Necrotizing Enterocolitis

The name of this disease is derived from necrotizing, meaning damage and death of cells, entero, referring to the intestine, and colitis, meaning inflammation of the colon (lower part of the intestine). It can affect any portion of the gastrointestinal tract or the entire gastrointestinal tract.

Necrotizing enterocolitis is the most common gastrointestinal emergency in the neonatal intensive care unit. It develops in 2,000 to 4,000 newborns annually and affects 1% to 8% of all newborns admitted to neonatal intensive care units in North America. Newborns with birth weights less than 2,000 grams (approximately 4 1/2 pounds) comprise 80% of necrotizing enterocolitis cases.

While there appears to be no single cause of necrotizing enterocolitis, research has identified a number of risk factors, with prematurity being the most significant. Necrotizing enterocolitis predominantly affects premature infants, but is also seen in full-term infants. Although necrotizing enterocolitis usually occurs 3 to 12 days after birth, late onset can occur many weeks after birth.

Damage to the intestinal tissues can lead to a perforation in the intestines, allowing the bacteria normally present in the intestinal tract to leak out into the abdomen and cause infection. The damage may exist only in a small area or it may progress quickly to large areas of the intestine.

Infection in the intestines can be life-threatening, and even with treatment there may be serious complications, such as severe infection in the abdomen, a perforation in the intestine, and scarring or narrowing of the intestine. Patients who must undergo removal of a large segment of intestine also experience problems with food absorption.

Since the early symptoms of necrotizing enterocolitis may resemble other digestive conditions or medical problems, this disease is often difficult to diagnose. However, symptoms may include the following:

  • Abdominal distention (swelling)
  • Bloody bowel movements
  • Poor feeding
  • Feeding intolerance
  • Bile-colored (green) vomit or gastric drainage
  • Signs of infection, such as sluggishness and cessation of breathing (apnea)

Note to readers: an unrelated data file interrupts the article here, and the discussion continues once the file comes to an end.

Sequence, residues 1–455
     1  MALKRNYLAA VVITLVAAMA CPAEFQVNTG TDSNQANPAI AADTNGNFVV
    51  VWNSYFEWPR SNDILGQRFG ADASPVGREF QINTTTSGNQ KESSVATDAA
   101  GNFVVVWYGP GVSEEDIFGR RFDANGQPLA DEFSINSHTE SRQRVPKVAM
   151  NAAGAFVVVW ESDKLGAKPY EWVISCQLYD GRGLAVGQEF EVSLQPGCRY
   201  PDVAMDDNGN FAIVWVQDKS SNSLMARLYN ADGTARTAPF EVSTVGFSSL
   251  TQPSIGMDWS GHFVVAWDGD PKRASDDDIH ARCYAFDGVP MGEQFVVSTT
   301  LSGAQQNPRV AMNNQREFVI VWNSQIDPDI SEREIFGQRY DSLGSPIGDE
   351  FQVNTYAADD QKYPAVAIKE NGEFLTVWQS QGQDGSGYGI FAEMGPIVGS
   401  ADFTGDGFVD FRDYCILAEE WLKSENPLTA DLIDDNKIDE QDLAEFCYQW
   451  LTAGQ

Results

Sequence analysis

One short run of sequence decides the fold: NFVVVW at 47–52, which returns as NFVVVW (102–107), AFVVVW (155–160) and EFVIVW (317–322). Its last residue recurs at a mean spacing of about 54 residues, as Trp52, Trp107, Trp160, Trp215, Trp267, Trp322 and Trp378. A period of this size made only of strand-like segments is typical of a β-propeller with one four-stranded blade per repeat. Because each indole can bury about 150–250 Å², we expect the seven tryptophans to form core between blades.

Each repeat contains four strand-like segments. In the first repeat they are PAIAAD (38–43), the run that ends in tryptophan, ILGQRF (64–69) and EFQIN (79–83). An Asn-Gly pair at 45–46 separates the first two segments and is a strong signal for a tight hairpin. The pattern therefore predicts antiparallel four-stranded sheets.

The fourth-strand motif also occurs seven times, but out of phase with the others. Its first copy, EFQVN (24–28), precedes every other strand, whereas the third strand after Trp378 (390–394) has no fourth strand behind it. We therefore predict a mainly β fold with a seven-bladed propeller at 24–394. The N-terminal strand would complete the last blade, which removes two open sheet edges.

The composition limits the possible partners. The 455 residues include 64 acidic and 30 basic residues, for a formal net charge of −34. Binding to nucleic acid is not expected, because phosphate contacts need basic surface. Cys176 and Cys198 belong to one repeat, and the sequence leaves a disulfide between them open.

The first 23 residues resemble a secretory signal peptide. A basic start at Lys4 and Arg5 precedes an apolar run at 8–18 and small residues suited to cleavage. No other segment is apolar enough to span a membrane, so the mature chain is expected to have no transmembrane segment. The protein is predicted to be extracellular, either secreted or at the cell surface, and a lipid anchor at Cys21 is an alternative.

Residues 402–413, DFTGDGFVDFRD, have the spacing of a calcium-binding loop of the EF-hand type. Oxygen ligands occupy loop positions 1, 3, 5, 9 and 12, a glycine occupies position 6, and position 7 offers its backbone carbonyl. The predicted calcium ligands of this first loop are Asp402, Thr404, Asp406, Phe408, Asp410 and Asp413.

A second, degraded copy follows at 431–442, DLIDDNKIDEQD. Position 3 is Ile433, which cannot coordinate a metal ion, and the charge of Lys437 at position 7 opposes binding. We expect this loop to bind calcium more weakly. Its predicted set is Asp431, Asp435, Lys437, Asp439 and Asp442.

• Temperature instability

Physical examination generally reveals abdominal distention (swelling) and progressive abdominal tenderness. In some cases, a mass can be felt, indicating an area of perforated bowel. In other cases, a redness of the abdominal wall can be seen. This may also indicate perforation and inflammation of the membrane lining the abdominal cavity (peritonitis).

When necrotizing enterocolitis is suspected, abdominal X-rays are taken. An X-ray may show multiple small bubbles within the wall of the intestine (pneumatosis intestinalis). Repeated X-rays help to assess disease progression. In severe cases, the X-ray may reveal air or gas in the large veins of the liver. This air is produced by bacteria in the wall of the bowel. If the bowel is perforated, air may be seen outside the intestine, but within the abdominal cavity.

The management of necrotizing enterocolitis depends on the severity of the disease, the infant’s response to medical treatment, and the degree of bowel involvement. Sixty to 80 percent of babies with necrotizing enterocolitis are managed medically and symptoms resolve without surgery.

Newborns with necrotizing enterocolitis that does not show indications for surgery are placed on a medical protocol. This protocol includes:

  • Stopping regular feedings and supplying nutrition through an intravenous (IV) catheter.
  • Placing a nasogastric tube into the stomach. The tube suctions air and fluids from the baby’s stomach and intestine.
  • Antibiotic therapy.
  • Checking bowel movements for blood.
  • Taking frequent blood tests to look for signs of infection and changes in the body’s chemistry.
  • Providing supplemental oxygen or ventilator support if abdominal swelling interferes with breathing.
  • In severe cases, giving blood transfusions for stabilization.

Approximately 50% of infants with necrotizing enterocolitis who receive nonoperative treatment have clinical resolution of their disease. They experience good recovery and are able to lead normal lives. Nevertheless, these infants often have complications such as intestinal stricture (narrowing), usually in the colon. This complication may require later corrective surgery and can occur even when medical management has been successful.

If medical management fails or if the bowel is perforated, surgery becomes necessary. During surgery, the pediatric surgeon may find a swollen, discolored bowel with several areas that have died due to a lack of blood supply, or the entire bowel may be involved. The aim of surgery is to remove only the bowel that has died and to leave any segments of the bowel that are likely to recover. A temporary opening in the wall of the abdomen, which is called an ostomy, is created to allow the bowel to recover and heal. Another operation to re-examine the abdomen may be required 24 to 48 hours later to determine if disease has progressed. In some cases, a drain is initially placed in the abdomen to remove the infected fluid and help stabilize the infant prior to more definitive surgery.

Of the newborns who undergo surgery, approximately two-thirds survive. The mortality rate is higher in infants with very low birth weights, particularly those with extensive necrosis of the bowel and overwhelming infection. At least 10% of children who are managed surgically have gastrointestinal problems, including short-gut syndrome, fat malabsorption, or intestinal strictures. The severity of these conditions correlates with the severity of their necrotizing enterocolitis.

Although limited information is available to evaluate the neurodevelopmental implications of necrotizing enterocolitis, long-term follow-up data indicate that up to 50% of infants who survive are developmentally impaired or delayed.